That’s not to say that Labour’s path to power is impossible – a swing from the Conservatives of the magnitude the party achieved in 1997 would be enough to secure a majority of 71. But it does highlight just how difficult the party’s task is, and that 2015 was not the party's 1992 or even 1983. In terms of the scale of the task it was closer to 1931, when Labour took until 1945 to win an election again. 

Stephen Bush is special correspondent at the New Statesman. His daily briefing, Morning Call, provides a quick and essential guide to British politics.

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Will Jeremy Corbyn stand down if Labour loses the general election?

Defeat at the polls might not be the end of Corbyn’s leadership.

The latest polls suggest that Labour is headed for heavy defeat in the June general election. Usually a general election loss would be the trigger for a leader to quit: Michael Foot, Gordon Brown and Ed Miliband all stood down after their first defeat, although Neil Kinnock saw out two losses before resigning in 1992.

It’s possible, if unlikely, that Corbyn could become prime minister. If that prospect doesn’t materialise, however, the question is: will Corbyn follow the majority of his predecessors and resign, or will he hang on in office?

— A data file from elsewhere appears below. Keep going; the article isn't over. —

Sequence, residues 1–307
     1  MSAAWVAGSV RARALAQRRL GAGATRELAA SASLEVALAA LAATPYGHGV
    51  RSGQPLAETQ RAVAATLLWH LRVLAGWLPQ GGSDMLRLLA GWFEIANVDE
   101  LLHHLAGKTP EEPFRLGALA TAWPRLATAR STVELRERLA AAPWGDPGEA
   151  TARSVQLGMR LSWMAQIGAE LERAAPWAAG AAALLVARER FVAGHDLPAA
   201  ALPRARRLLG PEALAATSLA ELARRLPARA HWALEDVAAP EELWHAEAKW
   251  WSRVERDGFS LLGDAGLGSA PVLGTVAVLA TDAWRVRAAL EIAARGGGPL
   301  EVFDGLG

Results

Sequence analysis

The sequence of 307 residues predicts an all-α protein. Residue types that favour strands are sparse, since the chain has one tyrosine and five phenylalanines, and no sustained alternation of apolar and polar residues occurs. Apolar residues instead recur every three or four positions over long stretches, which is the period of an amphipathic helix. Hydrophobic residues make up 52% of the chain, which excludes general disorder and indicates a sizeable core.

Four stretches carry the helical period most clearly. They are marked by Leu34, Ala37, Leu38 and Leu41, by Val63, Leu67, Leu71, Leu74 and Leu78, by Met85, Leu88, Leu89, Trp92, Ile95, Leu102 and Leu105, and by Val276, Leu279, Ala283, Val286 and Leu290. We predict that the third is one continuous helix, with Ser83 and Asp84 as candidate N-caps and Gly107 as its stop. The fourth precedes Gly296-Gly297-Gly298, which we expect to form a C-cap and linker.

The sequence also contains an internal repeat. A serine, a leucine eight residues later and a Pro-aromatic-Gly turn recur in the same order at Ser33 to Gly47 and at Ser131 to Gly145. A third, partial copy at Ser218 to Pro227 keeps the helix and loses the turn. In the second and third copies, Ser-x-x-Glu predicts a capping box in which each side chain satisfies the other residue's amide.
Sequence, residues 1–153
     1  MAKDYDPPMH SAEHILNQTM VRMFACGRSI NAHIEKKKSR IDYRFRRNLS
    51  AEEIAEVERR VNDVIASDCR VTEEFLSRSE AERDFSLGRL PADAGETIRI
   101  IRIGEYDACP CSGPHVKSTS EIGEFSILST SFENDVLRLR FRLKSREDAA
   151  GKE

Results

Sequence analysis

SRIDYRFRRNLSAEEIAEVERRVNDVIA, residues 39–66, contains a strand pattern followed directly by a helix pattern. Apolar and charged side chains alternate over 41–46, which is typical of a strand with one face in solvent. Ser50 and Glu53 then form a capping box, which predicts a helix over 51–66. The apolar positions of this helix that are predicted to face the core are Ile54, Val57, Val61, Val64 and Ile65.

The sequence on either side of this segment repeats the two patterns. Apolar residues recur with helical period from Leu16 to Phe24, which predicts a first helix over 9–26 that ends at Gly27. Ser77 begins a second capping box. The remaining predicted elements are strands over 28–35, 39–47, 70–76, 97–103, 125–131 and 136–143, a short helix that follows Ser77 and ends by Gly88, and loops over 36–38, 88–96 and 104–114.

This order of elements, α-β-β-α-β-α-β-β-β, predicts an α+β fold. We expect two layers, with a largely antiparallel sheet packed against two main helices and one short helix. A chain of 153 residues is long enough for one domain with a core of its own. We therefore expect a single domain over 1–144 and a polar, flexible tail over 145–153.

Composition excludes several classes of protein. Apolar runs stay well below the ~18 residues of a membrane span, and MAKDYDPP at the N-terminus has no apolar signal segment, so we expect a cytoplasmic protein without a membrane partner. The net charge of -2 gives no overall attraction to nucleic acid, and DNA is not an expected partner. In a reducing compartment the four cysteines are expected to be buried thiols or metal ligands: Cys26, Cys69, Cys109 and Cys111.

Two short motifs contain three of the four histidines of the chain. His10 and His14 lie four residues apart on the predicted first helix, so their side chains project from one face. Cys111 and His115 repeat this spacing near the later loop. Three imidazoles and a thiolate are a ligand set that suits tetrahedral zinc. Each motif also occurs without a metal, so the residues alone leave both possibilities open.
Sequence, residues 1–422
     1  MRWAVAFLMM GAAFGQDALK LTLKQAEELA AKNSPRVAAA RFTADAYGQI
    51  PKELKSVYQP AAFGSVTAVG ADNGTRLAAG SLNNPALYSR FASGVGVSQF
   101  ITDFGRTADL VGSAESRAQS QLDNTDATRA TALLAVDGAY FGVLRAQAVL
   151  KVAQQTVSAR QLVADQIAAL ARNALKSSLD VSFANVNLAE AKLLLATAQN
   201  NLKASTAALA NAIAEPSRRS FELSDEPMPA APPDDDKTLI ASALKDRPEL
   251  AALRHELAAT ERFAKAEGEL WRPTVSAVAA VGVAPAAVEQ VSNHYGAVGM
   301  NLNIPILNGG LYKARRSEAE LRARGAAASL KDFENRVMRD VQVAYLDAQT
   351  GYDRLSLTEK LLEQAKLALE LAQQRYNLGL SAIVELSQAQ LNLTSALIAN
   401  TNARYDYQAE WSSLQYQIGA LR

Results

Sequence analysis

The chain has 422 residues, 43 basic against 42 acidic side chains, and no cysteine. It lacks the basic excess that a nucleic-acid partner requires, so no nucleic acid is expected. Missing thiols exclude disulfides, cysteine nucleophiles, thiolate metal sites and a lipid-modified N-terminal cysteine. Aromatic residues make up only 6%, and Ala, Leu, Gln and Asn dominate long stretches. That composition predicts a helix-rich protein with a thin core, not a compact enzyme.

Will Corbyn stand down? The rules

There is no formal process for the parliamentary Labour party to oust its leader, as it discovered in the 2016 leadership challenge. Even after a majority of his MPs had voted no confidence in him, Corbyn stayed on, ultimately winning his second leadership contest after it was decided that the current leader should be automatically included on the ballot.

This year’s conference will vote on to reform the leadership selection process that would make it easier for a left-wing candidate to get on the ballot (nicknamed the “McDonnell amendment” by centrists): Corbyn could be waiting for this motion to pass before he resigns.

Will Corbyn stand down? The membership

Corbyn’s support in the membership is still strong. Without an equally compelling candidate to put before the party, Corbyn’s opponents in the PLP are unlikely to initiate another leadership battle they’re likely to lose.

That said, a general election loss could change that. Polling from March suggests that half of Labour members wanted Corbyn to stand down either immediately or before the general election.

Will Corbyn stand down? The rumours

Sources close to Corbyn have said that he might not stand down, even if he leads Labour to a crushing defeat this June. They mention Kinnock’s survival after the 1987 general election as a precedent (although at the 1987 election, Labour did gain seats).

Will Corbyn stand down? The verdict

Given his struggles to manage his own MPs and the example of other leaders, it would be remarkable if Corbyn did not stand down should Labour lose the general election. However, staying on after a vote of no-confidence in 2016 was also remarkable, and the mooted changes to the leadership election process give him a reason to hold on until September in order to secure a left-wing succession.